The hyp mouse exhibits abnormal metabolic/hormonal regulation of renal 25(OH)D-1α-hydroxylase activity. Whether this results from aberrant transcriptional regulation of the 1α-hydroxylase gene, CYP27B1, remains unknown. To investigate this possibility, we compared phosphate and parathyroid hormone effects on renal proximal convoluted tubule and thyrocalcitonin effects on proximal straight tubule enzyme activity and mRNA expression in normal and hyp mice. We assayed 25(OH)D-1α-hydroxylase activity by measuring 1,25(OH)2D production and mRNA by ribonuclease protection. Phosphate-depleted mice exhibited a 3-fold increment of 25(OH)D-1α-hydroxylase activity compared with normals, whereas hyp mice displayed no enhanced enzyme function. Phosphate-depleted mice concurrently displayed a 2-fold increase in mRNA transcripts; in contrast, despite failure to alter enzyme activity, hyp mice exhibited a similar increment in mRNA transcripts. Parathyroid hormone stimulation of normal mice increased 25(OH)D-1α-hydroxylase activity 10-fold, while eliciting only a 2-fold increment in hyp mouse enzyme function. This disparity occurred despite increments of mRNA transcripts to comparable levels (22.2 ± 3.5- vs. 19.9 ± 1.8-fold). The dissociation between phosphate- and parathyroid hormone-mediated transcriptional activity and protein function was not universal. Thus, thyrocalcitonin stimulation of normal and hyp mice resulted in comparable enhancement of mRNA transcripts and enzyme activity. These observations indicate that abnormal regulation of vitamin D metabolism in hyp mice occurs in the proximal convoluted tubule and results, not from aberrant transcriptional regulation, but from a defect in translational or post-translational activity.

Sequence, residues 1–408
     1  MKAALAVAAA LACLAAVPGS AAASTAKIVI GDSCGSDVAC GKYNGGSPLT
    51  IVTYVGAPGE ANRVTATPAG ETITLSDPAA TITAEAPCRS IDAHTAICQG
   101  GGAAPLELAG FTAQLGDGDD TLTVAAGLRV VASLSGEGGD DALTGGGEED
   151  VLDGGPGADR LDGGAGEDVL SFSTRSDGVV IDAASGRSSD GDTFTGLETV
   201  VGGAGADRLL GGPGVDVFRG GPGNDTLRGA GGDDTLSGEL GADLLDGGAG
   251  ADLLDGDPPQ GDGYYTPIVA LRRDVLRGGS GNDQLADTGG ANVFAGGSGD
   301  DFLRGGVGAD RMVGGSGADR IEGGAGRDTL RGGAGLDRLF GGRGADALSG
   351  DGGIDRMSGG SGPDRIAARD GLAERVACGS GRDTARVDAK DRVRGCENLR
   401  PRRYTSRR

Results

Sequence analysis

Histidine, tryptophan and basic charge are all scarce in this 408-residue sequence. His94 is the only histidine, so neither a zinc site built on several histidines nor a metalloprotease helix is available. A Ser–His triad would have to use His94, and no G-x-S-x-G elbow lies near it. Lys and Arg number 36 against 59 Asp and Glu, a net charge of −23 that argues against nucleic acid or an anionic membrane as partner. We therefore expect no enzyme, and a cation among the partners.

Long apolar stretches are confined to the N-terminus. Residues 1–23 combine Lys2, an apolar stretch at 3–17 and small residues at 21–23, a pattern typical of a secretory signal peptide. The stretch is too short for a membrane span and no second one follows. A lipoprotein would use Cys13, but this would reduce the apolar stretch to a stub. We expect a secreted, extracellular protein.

- Parathyroid hormone
ASJC Scopus subject areas
- Endocrinology, Diabetes and Metabolism
- Orthopedics and Sports Medicine